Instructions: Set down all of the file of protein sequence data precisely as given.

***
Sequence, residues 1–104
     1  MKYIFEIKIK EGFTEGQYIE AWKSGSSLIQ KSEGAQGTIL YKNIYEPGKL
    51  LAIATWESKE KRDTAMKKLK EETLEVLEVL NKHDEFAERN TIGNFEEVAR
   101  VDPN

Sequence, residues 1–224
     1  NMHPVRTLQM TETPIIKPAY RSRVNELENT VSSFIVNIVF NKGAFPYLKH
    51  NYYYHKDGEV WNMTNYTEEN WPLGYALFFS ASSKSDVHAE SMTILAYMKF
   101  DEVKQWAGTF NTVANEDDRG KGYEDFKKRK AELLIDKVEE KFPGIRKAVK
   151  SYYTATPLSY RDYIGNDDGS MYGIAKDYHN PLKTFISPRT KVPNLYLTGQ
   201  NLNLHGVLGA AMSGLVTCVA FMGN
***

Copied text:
Sequence, residues 1–104
     1  MKYIFEIKIK EGFTEGQYIE AWKSGSSLIQ KSEGAQGTIL YKNIYEPGKL
    51  LAIATWESKE KRDTAMKKLK EETLEVLEVL NKHDEFAERN TIGNFEEVAR
   101  VDPN

Sequence, residues 1–224
     1  NMHPVRTLQM TETPIIKPAY RSRVNELENT VSSFIVNIVF NKGAFPYLKH
    51  NYYYHKDGEV WNMTNYTEEN WPLGYALFFS ASSKSDVHAE SMTILAYMKF
   101  DEVKQWAGTF NTVANEDDRG KGYEDFKKRK AELLIDKVEE KFPGIRKAVK
   151  SYYTATPLSY RDYIGNDDGS MYGIAKDYHN PLKTFISPRT KVPNLYLTGQ
   201  NLNLHGVLGA AMSGLVTCVA FMGN